Enabling cost reductions will be key for retailers to attract today’s frugal consumer
Consumers are becoming increasingly aware of the value of sustainability and the need to reduce their environmental impact. However, many are still far from willing to pay more for sustainable products.
This is due to several factors, including a need to understand the benefits of sustainable products, a perception that sustainable products are of a lower quality than their conventional counterparts and a feeling that the cost of sustainable products is too high. It is essential for companies to educate consumers about sustainability’s worth and the benefits of sustainable products.
Sixty-one per cent of consumers are anxious about their financial conditions, with Boomers (55%) having the least anxiety, Millennials (66%) and GenX (64%) having the most. Nearly half (44%) of consumers say they are lowering their overall expenditure to deal with these challenges, an increase from the 33% of respondents who stated the same in November 2020. This is supported by the second edition of the annual consumer trends research from the Capgemini Research Institute, What Matters to Today’s Consumer, which examines the effects of the rising cost of living on consumer purchasing patterns and preferences. According to the survey, retail companies must alter their business models to fulfil shifting consumer demands for reasonably priced goods and pass cost savings on to the public.
Nearly three-quarters of consumers cut back on non-essential purchases during tough times
The way people shop is also evolving. The report’s poll of 11,300 consumers across 11 nations revealed that over three-quarters (73%) of customers are deferring the purchase of luxury products and reducing their spending on non-essentials like technology, toys, and dining out. Saving money is a primary concern for many individuals, as seen by the 64% of customers who shop at discount and hypermarket stores and the 65% who purchase lower private-label or low-cost goods.
Retail organisations must drastically rethink their operating strategies to withstand this storm and transmit pricing gains to customers. According to Lindsey Mazza, Global Retail Lead at the Capgemini Group, businesses may flourish without sacrificing sustainability or overall customer experience by discovering new income sources, developing new markets, changing processes, and minimising expenses. Utilising technology for intelligent demand forecasting, inventory management, and automated operations may help firms achieve sustainability advantages in addition to cost savings and margin maintenance.
Consumers will not pay more for sustainable products
Only 41% of customers worldwide say they are ready to pay more for a product they find sustainable, despite sustainability continuing to be an essential factor when choosing a retailer or brand. This is a significant drop from the report’s results in 2020 when 57% of customers claimed to have spent more than average on goods they considered sustainable. The research emphasises the need for brands and merchants to reexamine their pricing strategies to provide consumers with economical yet viable choices. It also calls for loyalty programs that assist consumers in navigating the present crisis while fostering long-term customer loyalty.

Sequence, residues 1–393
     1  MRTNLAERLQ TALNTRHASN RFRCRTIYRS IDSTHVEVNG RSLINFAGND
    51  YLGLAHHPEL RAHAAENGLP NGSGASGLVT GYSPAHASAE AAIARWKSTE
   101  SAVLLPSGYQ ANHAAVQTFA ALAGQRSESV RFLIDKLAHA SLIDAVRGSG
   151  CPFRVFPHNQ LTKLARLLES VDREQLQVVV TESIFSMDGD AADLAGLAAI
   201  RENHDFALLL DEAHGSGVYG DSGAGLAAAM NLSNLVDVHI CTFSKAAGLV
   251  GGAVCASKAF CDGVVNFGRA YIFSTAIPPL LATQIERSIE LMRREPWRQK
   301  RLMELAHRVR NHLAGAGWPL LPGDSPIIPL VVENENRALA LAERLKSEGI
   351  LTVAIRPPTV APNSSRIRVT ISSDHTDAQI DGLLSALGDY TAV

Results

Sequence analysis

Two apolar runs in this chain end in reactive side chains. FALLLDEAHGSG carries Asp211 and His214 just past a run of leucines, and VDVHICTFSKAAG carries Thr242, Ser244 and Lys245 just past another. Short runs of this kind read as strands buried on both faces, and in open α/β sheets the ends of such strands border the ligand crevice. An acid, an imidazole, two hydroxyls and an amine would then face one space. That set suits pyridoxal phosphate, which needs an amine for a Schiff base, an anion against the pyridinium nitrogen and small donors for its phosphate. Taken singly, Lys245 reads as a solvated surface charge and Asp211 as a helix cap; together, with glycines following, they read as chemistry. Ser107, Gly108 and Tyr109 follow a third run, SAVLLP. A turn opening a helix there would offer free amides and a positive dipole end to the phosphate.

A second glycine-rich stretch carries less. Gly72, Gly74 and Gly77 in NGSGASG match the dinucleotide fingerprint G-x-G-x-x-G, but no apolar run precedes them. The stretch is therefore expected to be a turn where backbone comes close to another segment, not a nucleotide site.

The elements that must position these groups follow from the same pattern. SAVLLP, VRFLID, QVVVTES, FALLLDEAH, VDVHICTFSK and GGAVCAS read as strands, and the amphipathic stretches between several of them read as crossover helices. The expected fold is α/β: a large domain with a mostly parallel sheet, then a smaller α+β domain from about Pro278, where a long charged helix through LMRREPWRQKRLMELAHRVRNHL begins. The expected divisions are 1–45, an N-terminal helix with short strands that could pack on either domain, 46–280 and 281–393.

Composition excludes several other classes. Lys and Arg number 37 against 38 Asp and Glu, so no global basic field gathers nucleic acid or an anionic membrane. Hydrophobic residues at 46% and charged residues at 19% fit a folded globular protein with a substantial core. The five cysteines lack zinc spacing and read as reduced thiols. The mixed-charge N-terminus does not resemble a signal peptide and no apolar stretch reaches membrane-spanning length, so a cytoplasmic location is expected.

Retailers to rethink operational strategy for cost reductions, sustainability, and experience
Despite businesses also dealing with rising energy, labour, and transportation expenses, the survey finds that 67% of customers believe brands and retailers should charge less for the necessities for their families. To reduce costs while meeting consumers’ expectations for convenience and sustainability, the paper emphasises that retailers and consumer goods producers will need to change their functional approach: improve last-mile deliveries while lowering costs by changing how businesses employ labour, using a tech-driven supply chain, and automating warehouse operations.
Opportunities to unlock new channel growth with personalised social media strategies
The research asserts that organisations may open up new income streams and growth prospects by utilising the impact of social media influencers and extending into fresh channels to reach consumers. Seventy per cent of people who purchase things on social media say they trust influencers when they utilise the product and post about their personal opinions and experiences. Gen Z, for instance, exhibits the highest level of involvement in this case, with over half (48%) learning about new items through online influencers and 32% ultimately making a purchase.
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